Around 19 BCE, as Herod (whose reign spanned from 37 to 4 BCE) was rebuilding the Jerusalem Temple, he doubled the size of the Temple Mount and created a large artificial platform. Around this platform he constructed four massive retaining walls. The Kotel (known as the Western Wall, the Wailing Wall, and the Wall of Tears) is the western retaining wall of Herod’s Temple Mount platform. It never was part of the Temple and until the 16th century was not considered holy to Jews or anyone else. Today, it is considered among the most holy and important sites of Judaism and visited annually by millions — religious and secular Jews as well as many non-Jews. Sacred site or tourist site, it is probably the most famous retaining wall in (Jewish) history. Parts of the other Herodian retaining walls are still visible today. They have never been holy to the Jews.
The entire Western Wall is 1,601 feet long, not all of which is visible or accessible. The best-known section of the Kotel is at the prayer plaza, and it measures 187 feet in length. The present day plaza was constructed in the wake of the Six-Day War, after the razing of the Mughrabi Quarter — an Arab neighborhood that had extended to within 11.8 feet of the Kotel making prayer there extremely difficult. It is interesting to note that the Herodian expansion of the Temple Mount area and the construction of its retaining walls had also required the removal of nearby structures. The present day plaza allows for thousands of visitors daily.
Archeological excavations led by Benjamin Mazar with the assistance of Meir Ben-Dov uncovered the first 262 feet of the Kotel after the Six-Day War; those excavations can be viewed today in the archaeological park on the southern end of the Kotel. The remaining 1,050 feet continue underground beneath the streets and houses of the Old City of Jerusalem. These sections of the Wall were uncovered during ongoing excavations of the subterranean Temple Mount passageways by Dan Bahat and others. Another section of the Wall, approximately 95 feet, may be seen and visited in the Moslem Quarter, some 574 feet north of the prayer plaza. It is called the Kotel haKatan (The Small [Western] Wall). No religious importance was attached to this section of the Wall until the 1970s, when construction of a small plaza made it more accessible to visitors.
The construction of the Western Wall by Herod and his successors was no easy matter. Turonian and Cenomanian limestone had to be quarried and transported from ancient quarries in Jerusalem (one such quarry is found in the modern-day Russian Compound in the city center of Jerusalem, near Safra Square and somewhat far from the Temple Mount). The stonecutters used sophisticated techniques to loosen and split the stones. Smaller stones were transported by wagons and the massive stones were rolled on large wooden rollers.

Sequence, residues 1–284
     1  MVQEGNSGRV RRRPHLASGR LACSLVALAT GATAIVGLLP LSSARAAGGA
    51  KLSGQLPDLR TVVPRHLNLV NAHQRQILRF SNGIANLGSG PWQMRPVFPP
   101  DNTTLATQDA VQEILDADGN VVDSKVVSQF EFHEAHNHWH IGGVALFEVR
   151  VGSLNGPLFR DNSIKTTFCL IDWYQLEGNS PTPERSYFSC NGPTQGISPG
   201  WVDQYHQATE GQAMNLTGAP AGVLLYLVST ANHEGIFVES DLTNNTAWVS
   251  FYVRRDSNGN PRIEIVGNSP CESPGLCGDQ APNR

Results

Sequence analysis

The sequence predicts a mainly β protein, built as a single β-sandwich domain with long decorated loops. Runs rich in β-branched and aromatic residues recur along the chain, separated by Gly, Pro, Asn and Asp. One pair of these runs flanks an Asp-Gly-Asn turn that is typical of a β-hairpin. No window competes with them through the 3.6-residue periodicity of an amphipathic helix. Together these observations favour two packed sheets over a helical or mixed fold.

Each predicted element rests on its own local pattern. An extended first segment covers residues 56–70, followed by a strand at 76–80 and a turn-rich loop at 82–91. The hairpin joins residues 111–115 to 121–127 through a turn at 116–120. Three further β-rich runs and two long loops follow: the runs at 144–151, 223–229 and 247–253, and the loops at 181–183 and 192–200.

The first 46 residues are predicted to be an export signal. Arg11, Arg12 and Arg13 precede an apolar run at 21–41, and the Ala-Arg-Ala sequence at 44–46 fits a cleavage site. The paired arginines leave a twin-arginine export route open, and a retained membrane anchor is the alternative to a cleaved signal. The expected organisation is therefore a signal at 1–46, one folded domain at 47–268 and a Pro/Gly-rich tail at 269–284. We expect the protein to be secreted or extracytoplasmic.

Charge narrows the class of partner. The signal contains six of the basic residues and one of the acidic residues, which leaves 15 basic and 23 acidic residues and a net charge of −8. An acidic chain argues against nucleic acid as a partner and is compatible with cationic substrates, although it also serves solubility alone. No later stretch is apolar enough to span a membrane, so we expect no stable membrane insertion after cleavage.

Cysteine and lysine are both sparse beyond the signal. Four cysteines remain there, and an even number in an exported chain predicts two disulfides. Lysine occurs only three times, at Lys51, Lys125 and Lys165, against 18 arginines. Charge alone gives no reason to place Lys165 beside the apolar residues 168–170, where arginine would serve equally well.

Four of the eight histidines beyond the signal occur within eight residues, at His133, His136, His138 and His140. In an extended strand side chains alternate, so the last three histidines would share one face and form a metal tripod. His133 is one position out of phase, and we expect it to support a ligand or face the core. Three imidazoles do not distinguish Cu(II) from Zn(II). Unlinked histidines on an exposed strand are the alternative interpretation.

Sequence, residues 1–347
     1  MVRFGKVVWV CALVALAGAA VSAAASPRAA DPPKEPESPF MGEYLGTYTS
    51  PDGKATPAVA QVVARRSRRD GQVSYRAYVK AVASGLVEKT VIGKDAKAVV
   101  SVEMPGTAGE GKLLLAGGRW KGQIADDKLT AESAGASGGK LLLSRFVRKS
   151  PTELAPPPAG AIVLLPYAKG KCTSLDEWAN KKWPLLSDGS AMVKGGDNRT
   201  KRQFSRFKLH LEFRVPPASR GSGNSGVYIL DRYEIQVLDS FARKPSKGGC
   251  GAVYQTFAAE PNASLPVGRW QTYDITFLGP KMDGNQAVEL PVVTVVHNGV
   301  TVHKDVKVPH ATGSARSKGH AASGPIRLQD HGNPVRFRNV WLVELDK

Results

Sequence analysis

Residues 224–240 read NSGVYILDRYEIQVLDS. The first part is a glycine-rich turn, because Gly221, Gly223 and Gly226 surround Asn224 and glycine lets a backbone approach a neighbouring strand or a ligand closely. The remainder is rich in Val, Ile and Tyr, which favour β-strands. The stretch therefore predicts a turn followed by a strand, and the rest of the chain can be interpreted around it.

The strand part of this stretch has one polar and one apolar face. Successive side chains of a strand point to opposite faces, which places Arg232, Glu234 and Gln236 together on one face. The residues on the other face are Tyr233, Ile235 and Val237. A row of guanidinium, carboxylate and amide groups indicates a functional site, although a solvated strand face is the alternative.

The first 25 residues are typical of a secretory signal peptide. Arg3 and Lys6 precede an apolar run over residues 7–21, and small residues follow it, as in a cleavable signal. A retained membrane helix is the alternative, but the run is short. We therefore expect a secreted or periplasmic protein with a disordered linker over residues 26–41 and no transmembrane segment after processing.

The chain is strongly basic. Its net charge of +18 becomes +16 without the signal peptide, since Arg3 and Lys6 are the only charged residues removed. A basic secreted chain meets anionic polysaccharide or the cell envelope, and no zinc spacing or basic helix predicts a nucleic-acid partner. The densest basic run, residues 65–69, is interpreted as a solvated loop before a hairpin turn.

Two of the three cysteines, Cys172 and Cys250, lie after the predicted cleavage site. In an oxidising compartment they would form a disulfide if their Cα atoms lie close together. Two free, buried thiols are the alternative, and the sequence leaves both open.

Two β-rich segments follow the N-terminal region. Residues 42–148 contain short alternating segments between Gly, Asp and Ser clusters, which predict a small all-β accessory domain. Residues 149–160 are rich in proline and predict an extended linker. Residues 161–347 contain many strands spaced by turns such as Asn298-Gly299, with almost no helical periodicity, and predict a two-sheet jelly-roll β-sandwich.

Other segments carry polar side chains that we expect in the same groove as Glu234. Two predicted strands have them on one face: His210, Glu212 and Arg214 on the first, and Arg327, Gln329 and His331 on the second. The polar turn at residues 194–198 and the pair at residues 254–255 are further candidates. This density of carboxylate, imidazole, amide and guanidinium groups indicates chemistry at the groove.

The Herodian stones were mostly large blocks cut smooth, with narrow margins around the edges and smooth and slightly raised bosses in the center. Simple plain and smooth rectangular blocks were also used. The stones, stacked one on top of another with surfaces cut to a perfect match, were indented slightly inward in order to stabilize the Wall. No mortar, cement, or adhesive was used.
The stones of the Wall are not all the same size, with lengths ranging from 2.6 to 44.6 feet and heights from 3.6 to 4.3 feet; the thickness of stones averaged 15 feet. The cornerstones were larger: For example, the southwest corner of the Kotel has ashlars (rows of stones) measuring 39.3 feet long, 7.83 feet wide, and 3.5 feet high. These stones could weigh between 50 and 80 tons. They were placed in alternating header and stretcher positions, and because of their great size, they have withstood the tests of time and history.
In Herodian times, the Western Wall, according to Josephus (Antiquities 15:410), had four gates leading to and from the Temple Mount. These gates correspond to those discovered by 19th-century explorers, and they are named after them: Warren’s Gate, Wilson’s Arch, Barclay’s Gate, and Robinson’s Arch.
The Mishnah (Middot 1:3) mentions only one gate in the western retaining wall, the Kipponos Gate. Various attempts have been made to identify which of the gates mentioned by Josephus and uncovered by archaeologists this was, but none have been successful.
The upper courses of the Second Temple period wall were destroyed during the War of Destruction (Menahem Av, August, 70 C.E.). The northern wall, the site of many battles, apparently suffered the most damage and might have been completely destroyed. The southern and eastern retaining walls suffered minimal damage at that time and changes in those walls were the results of developments centuries later.
Excavations of the Western Wall continue from time to time in an effort to uncover the entire Second Temple period history of the site, including that of pre-Herodian times before the Herodian expansion. Archaeologists focus, for example, on the market and adjacent roads and streets along the Western Wall, even examining the drainage system under some of the streets. There is also ongoing study of the architecture of Herodian walls in order to fine tune dating. And, of course, they continue to uncover and study remains of other periods of history relevant to the retaining wall and nearby structures. Much still remains to be uncovered.email print